Friday, 28 April 2017

Going On A Cruise

I know I have been taking advantage of my remaining travel funds, going on road trips, flitting off to Mexico. I all of this fun, however, there is still one kind of travel on my bucket list which I have failed to do. I want to go on a cruise, the one kind of vacation I have not taken.

There are three fundamental challenges with going on a cruise ship holiday, none of them having to do with being in a wheelchair, mostly. That's because the cruise ship industry attracts a lot of older people. Cruise companies know this, so build their ships to accommodate wheelchairs and all kinds of other handicaps suffered mostly by seniors. In fact, if you book a cruise and truly have a wheelchair, the cruise lines, most of them, will relocated a passenger in an existing handicapped cabin if they don't have a handicap.

No, the issues I really have with going on a cruise ship holiday fall down to these three things: where can I reasonably expect to go, how can I get someone to go with me, and how do I pay for that extra person if he or she is simply coming along as a health care aide.

The first issue, the one about where I can reasonably expect to go is a cost item as well as a logistical item. Let's face it, if I leave from Vancouver I can drive there with whatever medical equipment I need, making the whole process a lot simpler. However cruises from Vancouver typically go to Alaska, up and down the West Coast, or Hawaii. I don't want to go to Alaska; been there, partly on my own boat. Don't want to go down the West Coast; been there, everywhere along that coast, by car. Don't want to go to Hawaii; well, maybe. I'm just not sure.

There are some trips that go to Panama through to the Caribbean. These might be interesting although the timeline is rough. Most of them are repositioning cruises that take place in September as the Alaska cruise season comes to an end in Vancouver. My other options with vehicle access are San Francisco, Los Angeles, or San Diego, putting a road trip of about a week on the front and back end of the cruise. In fact, anywhere in North America would work for me from that perspective. However that means more cost, and more time.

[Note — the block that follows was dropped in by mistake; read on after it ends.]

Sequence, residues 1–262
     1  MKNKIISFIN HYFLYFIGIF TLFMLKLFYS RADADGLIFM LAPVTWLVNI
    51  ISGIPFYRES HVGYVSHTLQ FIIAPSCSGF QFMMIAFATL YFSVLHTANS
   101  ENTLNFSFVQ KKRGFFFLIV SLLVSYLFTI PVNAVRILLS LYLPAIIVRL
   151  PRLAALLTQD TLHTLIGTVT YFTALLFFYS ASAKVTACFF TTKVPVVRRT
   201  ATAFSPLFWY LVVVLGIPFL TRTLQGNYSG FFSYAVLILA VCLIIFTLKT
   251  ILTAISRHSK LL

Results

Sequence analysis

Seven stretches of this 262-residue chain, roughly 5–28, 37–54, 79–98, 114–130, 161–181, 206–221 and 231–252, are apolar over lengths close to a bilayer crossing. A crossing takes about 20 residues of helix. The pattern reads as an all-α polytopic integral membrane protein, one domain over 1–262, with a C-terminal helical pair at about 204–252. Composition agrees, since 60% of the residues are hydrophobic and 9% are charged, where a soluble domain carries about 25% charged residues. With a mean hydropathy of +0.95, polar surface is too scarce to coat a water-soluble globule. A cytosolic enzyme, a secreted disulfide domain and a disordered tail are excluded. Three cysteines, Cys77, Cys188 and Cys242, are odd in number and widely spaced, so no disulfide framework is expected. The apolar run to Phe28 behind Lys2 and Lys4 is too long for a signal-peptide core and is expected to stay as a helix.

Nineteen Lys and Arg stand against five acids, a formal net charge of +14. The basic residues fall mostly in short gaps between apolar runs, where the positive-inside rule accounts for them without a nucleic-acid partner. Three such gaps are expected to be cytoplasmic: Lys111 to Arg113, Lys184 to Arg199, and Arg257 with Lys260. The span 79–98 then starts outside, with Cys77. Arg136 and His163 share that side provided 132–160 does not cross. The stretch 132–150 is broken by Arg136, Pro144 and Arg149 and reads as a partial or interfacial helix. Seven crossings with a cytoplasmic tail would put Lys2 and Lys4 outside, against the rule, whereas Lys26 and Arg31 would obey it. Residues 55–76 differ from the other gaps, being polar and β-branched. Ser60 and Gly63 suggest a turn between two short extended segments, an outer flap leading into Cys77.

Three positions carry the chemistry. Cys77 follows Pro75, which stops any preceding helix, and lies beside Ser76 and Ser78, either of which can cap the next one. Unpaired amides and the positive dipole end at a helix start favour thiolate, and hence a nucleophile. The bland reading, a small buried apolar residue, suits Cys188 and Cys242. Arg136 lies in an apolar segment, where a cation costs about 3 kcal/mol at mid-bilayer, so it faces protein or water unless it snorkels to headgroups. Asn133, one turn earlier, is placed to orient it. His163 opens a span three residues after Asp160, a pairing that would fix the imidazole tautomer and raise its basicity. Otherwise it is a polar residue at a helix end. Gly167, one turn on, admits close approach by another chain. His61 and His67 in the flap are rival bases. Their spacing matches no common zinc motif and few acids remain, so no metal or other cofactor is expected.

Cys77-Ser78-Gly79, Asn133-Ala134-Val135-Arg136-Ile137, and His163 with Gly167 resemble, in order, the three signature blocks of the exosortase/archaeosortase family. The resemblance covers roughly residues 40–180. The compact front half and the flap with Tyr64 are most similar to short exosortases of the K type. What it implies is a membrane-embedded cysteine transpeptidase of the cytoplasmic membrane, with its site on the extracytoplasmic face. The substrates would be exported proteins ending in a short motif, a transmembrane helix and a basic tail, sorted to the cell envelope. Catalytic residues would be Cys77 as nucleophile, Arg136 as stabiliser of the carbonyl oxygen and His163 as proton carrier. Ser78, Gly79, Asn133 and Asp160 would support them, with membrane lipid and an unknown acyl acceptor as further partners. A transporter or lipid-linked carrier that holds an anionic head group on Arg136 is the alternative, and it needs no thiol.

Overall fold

That whole time and cost thing is the next issue. I need someone to go with me, to accompany me, to help me with my daily routine, to make sure I get where I can get to. This is not an easy ask. A few people have traveled with me. They can attest to some of the issues presented in even the simplest of situations. Things like access to toilets, high curbs, stairs without ramps or elevators. Add to that my inability to get into a tender, and you have some places I simply cannot go, so the other person would have to be okay with going alone. That person would also have to have the ability to take time off work for the road trip and cruise, or just be retired yet in good enough shape to handle things.

Which brings up the final considerations. Do I simply hire someone to go with me? This would mean minimizing the time on each end of the cruise, making a road trip to a Canadian port an impossibility. It also means I would be expected to cover the whole cost of both myself and my care-giver, along with any compensation paid to that care-giver. Of all things, this is my least favourite option. It's just too expensive.

No matter how I toss it up, if I want to go on a cruise, I will need someone to go with me. At least I think that's how it would work. You never know what might happen, but going along seems a bit risky to me these days. So what do I do? My first step, it would seem, is to find someone who is willing to go and doesn't need to be paid to do it. Then, planning can begin.

It's all soooooo complicated.

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